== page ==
A few days ago I had the unsettling experience of chairing a Writers’ Union panel on the future of libraries. The expert consensus was that since you can now store the entire western canon on a thumb drive, there is no longer any need for large buildings on prime real estate stuffed with musty books. I appreciate the cold logic of such claims but I think they miss something.
Libraries have quite a history here on the Sunshine Coast. The Sechelt Public Library is celebrating its 45th anniversary this year, having started as a centennial project but it is a mere babe compared to the Gibsons Library, which started in 1914. It’s instructive to think that in a settlement with no medical clinic, no bank, no curling rink, no financial advisors, no spas and very little indoor plumbing, someone had nevertheless felt the need to start a library.
It’s even more amazing for me personally to think this book thing has been going on that long because I came to the coast in 1950 and it was years before I saw anyone reading a book. It might have been different if I was lived in the sophisticated south end, but alas I was confined to the underprivileged north end.
Actually our logging camp did have one book.
Our family owned it and until the age of eight it was the only book I knew. It was called The Great Controversy Between Christ and Satan. My parents weren't churchgoers, but their parents had been churchy enough to do for the next three generations and my father inherited The Great Controversy when Gramma Carmichael died. The Carmichaels had owned a large spread in the Fraser Valley and a lot of people in her place would have been tempted to will the land to her kids when she died, but Gramma was a woman of rare principal so she willed it to Phil Gaglardi's radio crusade. Instead of 160 acres of prime real estate we got The Great Controversy Between Christ and Satan. It was a loving gesture to her way of thinking because that land was worth a lot of money and who knows what kind of sinful ways it might have led us into. And there was no way around it, The Great Controversy was a handsome book. It had tooled leather covers and gilt edging. It held a place of prominence in our cookhouse between the pile of old Hi-Baller magazines and the box of used sparkplugs. Everybody who came by ended up hauling it down at one time or another, probably hoping it might contain nude paintings, or maybe medical illustrations. Alas, the most exciting imagery it offered was the psychedelic marbelling on the endpapers. Dad used to refer to it bitterly as the hundred-thousand-dollar book and I thought it really was a precious heirloom. It was years before I realized the full weight of his bitterness.
To me the most interesting thing about that book was it had an actual bookworm in it which was diligently honeycombing the leather spine. It must have been lonely work. I'm sure he was the only bookworm of any kind up on the north end of the coast, for all that they had already been flourishing for forty years down at the Gibson end.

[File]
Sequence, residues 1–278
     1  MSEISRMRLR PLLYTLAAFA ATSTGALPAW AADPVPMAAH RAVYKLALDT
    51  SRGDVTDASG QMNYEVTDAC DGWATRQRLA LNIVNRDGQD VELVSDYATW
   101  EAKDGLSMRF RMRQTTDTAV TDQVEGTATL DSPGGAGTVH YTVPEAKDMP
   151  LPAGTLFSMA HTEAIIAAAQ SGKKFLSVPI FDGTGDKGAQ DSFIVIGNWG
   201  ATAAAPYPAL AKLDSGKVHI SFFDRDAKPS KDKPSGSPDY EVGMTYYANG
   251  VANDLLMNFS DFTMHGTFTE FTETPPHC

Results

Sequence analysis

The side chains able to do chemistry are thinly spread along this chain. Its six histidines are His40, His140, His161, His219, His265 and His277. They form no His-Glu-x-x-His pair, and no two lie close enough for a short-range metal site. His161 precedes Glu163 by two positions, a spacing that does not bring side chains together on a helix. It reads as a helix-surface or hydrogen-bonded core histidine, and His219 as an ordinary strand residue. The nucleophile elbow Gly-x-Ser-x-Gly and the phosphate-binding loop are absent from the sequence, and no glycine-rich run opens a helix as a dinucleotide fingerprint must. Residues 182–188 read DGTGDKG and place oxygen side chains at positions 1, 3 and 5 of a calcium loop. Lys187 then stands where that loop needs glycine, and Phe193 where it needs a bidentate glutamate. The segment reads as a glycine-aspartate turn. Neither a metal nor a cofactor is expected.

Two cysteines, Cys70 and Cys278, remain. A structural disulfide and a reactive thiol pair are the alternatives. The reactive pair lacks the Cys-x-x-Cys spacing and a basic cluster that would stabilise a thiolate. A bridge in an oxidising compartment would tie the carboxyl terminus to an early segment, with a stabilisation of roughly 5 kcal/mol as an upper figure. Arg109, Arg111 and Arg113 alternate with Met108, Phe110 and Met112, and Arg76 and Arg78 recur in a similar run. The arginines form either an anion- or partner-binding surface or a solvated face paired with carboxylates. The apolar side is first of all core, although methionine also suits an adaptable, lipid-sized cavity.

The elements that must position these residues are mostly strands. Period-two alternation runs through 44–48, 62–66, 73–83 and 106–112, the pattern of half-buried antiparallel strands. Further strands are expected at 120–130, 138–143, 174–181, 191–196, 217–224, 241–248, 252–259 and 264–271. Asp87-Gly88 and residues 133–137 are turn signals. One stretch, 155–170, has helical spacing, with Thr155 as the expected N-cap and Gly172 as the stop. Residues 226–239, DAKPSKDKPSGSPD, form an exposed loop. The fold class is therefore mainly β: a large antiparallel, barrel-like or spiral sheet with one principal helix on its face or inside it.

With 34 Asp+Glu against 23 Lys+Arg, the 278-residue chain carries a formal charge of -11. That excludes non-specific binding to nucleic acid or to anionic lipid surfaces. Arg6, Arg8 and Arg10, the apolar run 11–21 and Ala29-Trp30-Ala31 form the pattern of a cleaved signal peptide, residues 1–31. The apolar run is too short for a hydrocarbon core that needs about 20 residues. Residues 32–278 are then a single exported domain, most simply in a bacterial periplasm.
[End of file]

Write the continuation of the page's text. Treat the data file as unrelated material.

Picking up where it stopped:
Coming from such a bookless background it has been interesting to watch the whole coast evolve into such a nest of bibliophiles. It seems every time I venture out of doors these days someone runs up to me to ask what I think of all this horrid talk about electric books, often clutching an old-style “legacy” book to their bosom as if they feared some technology proponent might try to sneak up and wrest it away.
I don’t think they have to worry. When archaeologists of the distant future are sifting the ashes of our civilization shaking their heads at the appalling idiocies that finally brought about our demise, one thing I am sure will loom large on the positive side of the ledger will be our love and respect for books. I grant the digital wizards all their arguments that eBooks are cheaper, fly through the air with the greatest of ease and can indeed be read in the bath if you purchase the $99 RainEread ™ accessory. But so what? Things as deeply entrenched in our psyches as books don’t disappear overnight just because some propeller-head comes along and announces he’s made a better mousetrap. If that were so art would have stopped the minute photography was invented. Instead we have more art galleries than at any time in history and a painting of someone having a bad hair day selling for $120 million. Sailboats didn’t disappear the minute the Easthope brothers announced their first marine engine. A ferry trip across Howe Sound on any sunny summer day will confirm there’s more rag-hangers afloat than ever, no matter they spend 99% of their time motoring. Bicycles were supposed to disappear at the appearance of the first motor car. Horses, too. I read somewhere there are more horses in BC today than there were in 1900, and they are living much happier lives. Dogs and cats were first domesticated for very practical purposes and I can show you vet bills to prove they account for a much larger share of the GDP now than when they actually earned their keep. When you think about it, we are surrounded by things that once we only kept out of dull practicality but we now keep because we darnwell feel like it. The very fact books and libraries have become obsolete may mean their best years are just beginning.